Part of a competition piece I did a few years ago was on Viking Knit (Trichinopoly) where I learned a lot more about draw plates, and specifically 11th century draw plates. These are (in short) used to make wire a smaller diameter – as well as taking down the diameter of completed Viking Knit.
One of the items in the Royal Alberta Museum (RAM) exhibits was about draw plates, along with other metal working / jewelry making tools.
After I had completed most of the Byzantine costume, I decided I really wanted to make a necklace in the style of one I saw on Pinterest. While the example is from the 7th Century, and my costume is based on an 11th Century style, I still thought the style was nice, and that I could accomplish something with the same shapes with tools I’m familiar working with.
In my previous post I mentioned that I’ll be stepping down as Montengarde’s Emerald Rose (The Arts & Science champion for the barony of the SCA I’m in) and part of that step-down is finding a new champion.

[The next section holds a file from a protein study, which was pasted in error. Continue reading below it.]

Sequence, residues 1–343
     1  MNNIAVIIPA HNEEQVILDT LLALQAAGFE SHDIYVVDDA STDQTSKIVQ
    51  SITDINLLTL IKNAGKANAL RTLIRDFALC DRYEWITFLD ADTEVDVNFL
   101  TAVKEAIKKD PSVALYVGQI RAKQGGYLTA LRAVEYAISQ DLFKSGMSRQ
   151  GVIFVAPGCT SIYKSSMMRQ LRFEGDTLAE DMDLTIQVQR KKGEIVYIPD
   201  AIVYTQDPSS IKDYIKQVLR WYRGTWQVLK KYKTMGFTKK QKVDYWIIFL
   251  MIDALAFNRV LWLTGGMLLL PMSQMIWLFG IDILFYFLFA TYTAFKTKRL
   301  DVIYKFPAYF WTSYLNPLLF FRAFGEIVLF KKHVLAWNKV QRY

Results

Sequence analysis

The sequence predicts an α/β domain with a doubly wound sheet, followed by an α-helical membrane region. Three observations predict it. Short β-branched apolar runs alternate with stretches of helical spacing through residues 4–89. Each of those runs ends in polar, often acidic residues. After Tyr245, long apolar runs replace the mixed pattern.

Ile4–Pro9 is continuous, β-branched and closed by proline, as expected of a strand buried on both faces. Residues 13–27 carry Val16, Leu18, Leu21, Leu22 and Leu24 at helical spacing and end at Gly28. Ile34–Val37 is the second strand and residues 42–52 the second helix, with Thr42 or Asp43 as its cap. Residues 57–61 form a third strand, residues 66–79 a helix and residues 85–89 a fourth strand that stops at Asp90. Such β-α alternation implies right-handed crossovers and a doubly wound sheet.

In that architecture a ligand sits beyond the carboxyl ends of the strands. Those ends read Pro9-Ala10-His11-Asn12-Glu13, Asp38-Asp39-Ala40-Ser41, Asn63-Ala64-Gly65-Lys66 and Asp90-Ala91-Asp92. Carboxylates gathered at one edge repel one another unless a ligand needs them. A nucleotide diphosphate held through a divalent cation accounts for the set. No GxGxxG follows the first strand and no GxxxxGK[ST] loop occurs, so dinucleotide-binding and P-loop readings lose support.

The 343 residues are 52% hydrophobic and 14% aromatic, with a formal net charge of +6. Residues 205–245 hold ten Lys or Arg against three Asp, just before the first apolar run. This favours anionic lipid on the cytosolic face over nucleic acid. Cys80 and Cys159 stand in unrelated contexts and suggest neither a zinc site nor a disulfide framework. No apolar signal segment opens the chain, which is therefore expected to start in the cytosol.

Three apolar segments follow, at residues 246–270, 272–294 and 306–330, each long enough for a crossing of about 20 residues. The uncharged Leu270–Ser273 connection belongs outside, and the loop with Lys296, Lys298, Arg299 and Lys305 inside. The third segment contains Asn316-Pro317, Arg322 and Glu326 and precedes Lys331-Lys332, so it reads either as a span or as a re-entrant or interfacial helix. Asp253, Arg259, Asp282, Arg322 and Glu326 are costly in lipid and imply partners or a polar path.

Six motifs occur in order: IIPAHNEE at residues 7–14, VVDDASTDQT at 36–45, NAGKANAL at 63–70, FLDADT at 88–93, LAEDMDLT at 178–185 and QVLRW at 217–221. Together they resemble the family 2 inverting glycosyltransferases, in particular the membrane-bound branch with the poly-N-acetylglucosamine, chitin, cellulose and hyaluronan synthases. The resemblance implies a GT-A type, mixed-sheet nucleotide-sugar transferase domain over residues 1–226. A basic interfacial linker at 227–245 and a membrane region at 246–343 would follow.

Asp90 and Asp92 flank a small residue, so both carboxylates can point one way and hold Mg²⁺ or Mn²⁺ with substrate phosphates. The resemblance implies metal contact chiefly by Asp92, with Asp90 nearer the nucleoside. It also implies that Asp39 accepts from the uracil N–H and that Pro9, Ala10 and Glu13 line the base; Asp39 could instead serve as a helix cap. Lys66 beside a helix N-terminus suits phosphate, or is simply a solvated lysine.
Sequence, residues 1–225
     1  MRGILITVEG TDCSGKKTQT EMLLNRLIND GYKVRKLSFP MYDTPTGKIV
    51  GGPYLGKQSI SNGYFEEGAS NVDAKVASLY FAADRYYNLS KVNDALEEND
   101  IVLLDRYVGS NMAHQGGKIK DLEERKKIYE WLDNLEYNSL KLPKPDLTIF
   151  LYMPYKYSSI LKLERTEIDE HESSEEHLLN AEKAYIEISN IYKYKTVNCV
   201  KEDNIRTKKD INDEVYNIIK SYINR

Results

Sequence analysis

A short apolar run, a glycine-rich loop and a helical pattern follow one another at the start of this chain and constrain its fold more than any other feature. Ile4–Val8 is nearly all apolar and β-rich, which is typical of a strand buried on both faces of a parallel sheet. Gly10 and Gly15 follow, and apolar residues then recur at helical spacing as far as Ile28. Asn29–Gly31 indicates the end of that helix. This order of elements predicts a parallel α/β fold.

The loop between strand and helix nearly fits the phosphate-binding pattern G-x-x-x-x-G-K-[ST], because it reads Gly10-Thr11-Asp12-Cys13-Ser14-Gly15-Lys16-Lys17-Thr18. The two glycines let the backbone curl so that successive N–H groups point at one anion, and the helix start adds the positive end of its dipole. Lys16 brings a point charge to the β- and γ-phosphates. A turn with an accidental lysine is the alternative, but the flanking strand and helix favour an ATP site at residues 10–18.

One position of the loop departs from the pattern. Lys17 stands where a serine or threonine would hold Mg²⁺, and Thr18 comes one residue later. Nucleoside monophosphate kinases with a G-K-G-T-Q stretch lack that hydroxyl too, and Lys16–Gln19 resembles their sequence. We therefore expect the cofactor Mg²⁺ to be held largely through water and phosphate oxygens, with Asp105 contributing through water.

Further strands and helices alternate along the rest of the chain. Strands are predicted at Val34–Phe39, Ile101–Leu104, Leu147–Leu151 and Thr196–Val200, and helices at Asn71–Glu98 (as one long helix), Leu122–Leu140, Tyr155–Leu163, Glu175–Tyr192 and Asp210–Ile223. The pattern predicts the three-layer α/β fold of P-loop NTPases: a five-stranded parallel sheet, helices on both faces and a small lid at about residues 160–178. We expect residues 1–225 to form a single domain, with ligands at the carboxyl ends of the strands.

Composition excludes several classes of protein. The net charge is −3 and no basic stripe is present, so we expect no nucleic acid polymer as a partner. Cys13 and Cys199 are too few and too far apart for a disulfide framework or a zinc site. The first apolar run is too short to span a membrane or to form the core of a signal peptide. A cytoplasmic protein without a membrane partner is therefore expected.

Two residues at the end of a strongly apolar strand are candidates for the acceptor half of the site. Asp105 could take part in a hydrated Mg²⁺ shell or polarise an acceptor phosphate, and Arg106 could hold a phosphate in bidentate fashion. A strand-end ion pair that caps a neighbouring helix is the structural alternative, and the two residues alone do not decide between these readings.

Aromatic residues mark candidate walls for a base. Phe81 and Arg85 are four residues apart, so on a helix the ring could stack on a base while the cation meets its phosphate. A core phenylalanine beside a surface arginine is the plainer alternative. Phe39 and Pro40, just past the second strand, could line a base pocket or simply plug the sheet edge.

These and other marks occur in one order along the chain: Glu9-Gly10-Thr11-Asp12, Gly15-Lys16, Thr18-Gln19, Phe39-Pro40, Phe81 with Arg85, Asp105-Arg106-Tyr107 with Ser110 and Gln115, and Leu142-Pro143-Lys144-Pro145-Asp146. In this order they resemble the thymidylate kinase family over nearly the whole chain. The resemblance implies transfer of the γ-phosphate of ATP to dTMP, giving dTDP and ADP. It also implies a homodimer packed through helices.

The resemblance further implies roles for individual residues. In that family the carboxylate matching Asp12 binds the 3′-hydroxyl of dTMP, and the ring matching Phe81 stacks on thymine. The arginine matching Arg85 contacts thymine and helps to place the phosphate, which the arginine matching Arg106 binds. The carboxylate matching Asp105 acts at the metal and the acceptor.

At the request of some of the population in our kingdom, I got permission to open up the competition to people who will not be trying to become champion – but would like the chance to compete anyways. I hadn’t originally planned for that, but I thought it would be great to have a gift to give to the “runner up” – regardless if that person is or isn’t a member of Montengarde.
Linnaniemi, Hämeenlinna hoard necklace and other items from the hoard
Linnaniemi, Hämeenlinna hoard necklace in person
In my previous postI showed the display of silver necklaces from the museum castle at Hämeenlinna. Today I’ll go into further detail on the necklace they had on display – the Linnaniemi, Hämeenlinna hoard necklace.
(I realized only after the fact, that I had a lot of up-close photos, but not many whole-necklace photos… and unfortunately, the one above was the best one!)
Warning… this post has a LOT of detail, which might not be interesting to my regular readers!